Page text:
3 Simple Ways To Bridle Rig Your Live Bait To Catch More Fish
By: Joseph Simonds on August 3, 2015
This might sound controversial to this live bait post below, but here at Salt Strong we prefer artificial lures over live bait in most (but certainly not all) fishing scenarios.
But it’s not because we think that live bait doesn’t work by any stretch of the imagination…
In fact, we publically admit that given the choice, a fish will usually choose live bait over an artificial lure/bait in almost all cases.
So why do we like artificial bait fishing so much?
Here are a few reasons:
- We can cover so much more ground (aka water) compared to live bait fishing
- We can usually get at least 10x the opportunities (aka we get out bait in front of more fish) compared to fishing with live bait
- We get to our favorite fishing holes faster as we don’t have to stop to throw the cast net, look for bait, etc
However, we do highly recommend live bait fishing for certain situations… like going offshore, trying to catch record size fish, trolling, or kite fishing would be just a few examples of when we would prefer live bait over artificial.
CLICK HERE to watch the video on the perfect way to Rig a Pinfish for Snook, Redfish, and Tarpon.
You will also get to see Luke hook and land a nice snook on his very first cast after hooking the pinfish!
Watch it here now.
So in this article, we wanted to show you three of the best ways to bridle rig live bait for certain scenarios. And if you aren’t familiar with bridling live bait, bridling is an easy alternative to directly putting the hook through the back, tail, or nose of the bait fish. This keeps the hook slightly elevated above the live bait.
Why would it matter to have the circle hook slightly elevated above the live bait?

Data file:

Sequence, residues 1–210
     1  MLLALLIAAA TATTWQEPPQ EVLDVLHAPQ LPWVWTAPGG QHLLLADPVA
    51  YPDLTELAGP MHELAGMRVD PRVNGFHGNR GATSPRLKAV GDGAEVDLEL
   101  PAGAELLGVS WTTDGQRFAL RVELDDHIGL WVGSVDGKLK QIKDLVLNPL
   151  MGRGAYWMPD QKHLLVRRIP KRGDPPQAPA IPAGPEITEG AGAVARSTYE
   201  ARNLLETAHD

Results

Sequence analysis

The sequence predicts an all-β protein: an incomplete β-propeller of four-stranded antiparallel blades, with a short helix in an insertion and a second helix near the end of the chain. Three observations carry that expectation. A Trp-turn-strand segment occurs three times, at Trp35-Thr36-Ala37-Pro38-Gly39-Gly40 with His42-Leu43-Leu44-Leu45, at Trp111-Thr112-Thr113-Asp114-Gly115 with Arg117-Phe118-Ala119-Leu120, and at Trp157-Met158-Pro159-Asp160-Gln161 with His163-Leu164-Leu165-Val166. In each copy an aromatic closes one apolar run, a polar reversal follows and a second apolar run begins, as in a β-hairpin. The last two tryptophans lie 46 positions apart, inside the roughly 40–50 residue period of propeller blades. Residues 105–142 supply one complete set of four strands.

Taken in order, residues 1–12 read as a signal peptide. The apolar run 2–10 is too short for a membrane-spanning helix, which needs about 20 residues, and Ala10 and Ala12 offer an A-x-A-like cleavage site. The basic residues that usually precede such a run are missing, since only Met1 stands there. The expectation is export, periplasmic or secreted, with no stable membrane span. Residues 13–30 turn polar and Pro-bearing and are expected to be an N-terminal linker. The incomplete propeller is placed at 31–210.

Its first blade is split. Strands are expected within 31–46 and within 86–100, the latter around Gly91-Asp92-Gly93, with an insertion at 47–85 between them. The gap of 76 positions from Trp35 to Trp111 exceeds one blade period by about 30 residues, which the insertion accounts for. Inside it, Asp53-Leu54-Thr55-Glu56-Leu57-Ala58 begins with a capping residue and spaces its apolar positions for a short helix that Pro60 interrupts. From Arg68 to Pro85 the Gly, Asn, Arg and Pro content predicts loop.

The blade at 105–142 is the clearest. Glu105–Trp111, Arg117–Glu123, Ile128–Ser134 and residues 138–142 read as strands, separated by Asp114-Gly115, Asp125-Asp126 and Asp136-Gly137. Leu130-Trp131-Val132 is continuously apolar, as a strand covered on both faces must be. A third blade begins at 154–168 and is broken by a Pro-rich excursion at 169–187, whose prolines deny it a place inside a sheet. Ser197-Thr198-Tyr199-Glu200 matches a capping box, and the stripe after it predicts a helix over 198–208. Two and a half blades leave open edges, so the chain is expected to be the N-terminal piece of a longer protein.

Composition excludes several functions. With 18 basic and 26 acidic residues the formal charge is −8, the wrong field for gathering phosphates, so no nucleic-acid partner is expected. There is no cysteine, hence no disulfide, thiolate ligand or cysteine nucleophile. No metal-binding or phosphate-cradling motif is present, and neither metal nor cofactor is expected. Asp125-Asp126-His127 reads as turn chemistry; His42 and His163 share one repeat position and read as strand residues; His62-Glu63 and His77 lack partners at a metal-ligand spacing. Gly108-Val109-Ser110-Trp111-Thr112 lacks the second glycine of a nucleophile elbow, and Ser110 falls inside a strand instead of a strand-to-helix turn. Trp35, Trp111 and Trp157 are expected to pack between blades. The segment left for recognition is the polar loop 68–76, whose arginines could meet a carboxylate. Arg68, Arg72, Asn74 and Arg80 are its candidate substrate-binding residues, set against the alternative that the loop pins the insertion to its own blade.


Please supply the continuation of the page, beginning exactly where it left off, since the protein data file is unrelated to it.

- Because by creating a small gap between the live bait and the hook, it allows for the entire circle hook to remain exposed for a very clean, unobstructed hook-set (helping you catch more fish).
- It is also very important to have a fully exposed hook because so many missed opportunities happen when the hook turns back into the bait (causing it to never set in the fish’s mouth)
Note: This same bridle rig can be used effectively on dead bait as well.
Materials Needed for Bridling Live Bait
- Open-eye live bait rigging needle (aka “Bridling Hook” that you can get at most tackle shops)
- Rubber bands (you can buy these at Walgreens, or just borrow your teenager’s rubber bands from their braces)
- Circle Hook
- Live bait (or dead bait)
- Monofilament or fluorocarbon leader
1. Rigging a Bridled Bait For Kite Fishing
Big thanks to Peter Miller of Peter Miller Fishing for this fishing tip that he uses to catch sailfish while kite fishing.
2. How to Rig a Bridled Bait (Front of Bait)
A big thanks to the guys at RiverToReef fishing in Australia for this bridling tutorial they use for all sorts of fishing.
3. Bridling A Live Bait “Goggle Eye” (Back of Bait)
Big thanks to Judah Clark for this unique circle hook bridling method for “Google Eyes” that has the hook resting a little bit higher up the live bait’s back.
As you can see in the three videos above, all of the hook bridling techniques are similar, yet they all serve a slightly different purpose in terms of how the live bait naturally swims.
Play around with each one and see which bridle setup works best for your fishing needs.
And don’t forget that with smaller live bait, many times you won’t need any bridled hook setup at all.
P.S. – Did we miss anything, or where there any questions that you still need answered in regards to bridling your live bait? Let us know in the comments.
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